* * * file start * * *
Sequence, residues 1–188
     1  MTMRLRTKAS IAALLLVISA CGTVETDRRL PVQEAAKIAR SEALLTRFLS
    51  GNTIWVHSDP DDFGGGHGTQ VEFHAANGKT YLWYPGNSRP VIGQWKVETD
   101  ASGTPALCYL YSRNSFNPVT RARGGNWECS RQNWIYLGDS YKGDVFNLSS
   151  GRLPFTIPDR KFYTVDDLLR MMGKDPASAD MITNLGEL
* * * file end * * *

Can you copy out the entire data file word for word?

Sequence, residues 1–188
     1  MTMRLRTKAS IAALLLVISA CGTVETDRRL PVQEAAKIAR SEALLTRFLS
    51  GNTIWVHSDP DDFGGGHGTQ VEFHAANGKT YLWYPGNSRP VIGQWKVETD
   101  ASGTPALCYL YSRNSFNPVT RARGGNWECS RQNWIYLGDS YKGDVFNLSS
   151  GRLPFTIPDR KFYTVDDLLR MMGKDPASAD MITNLGEL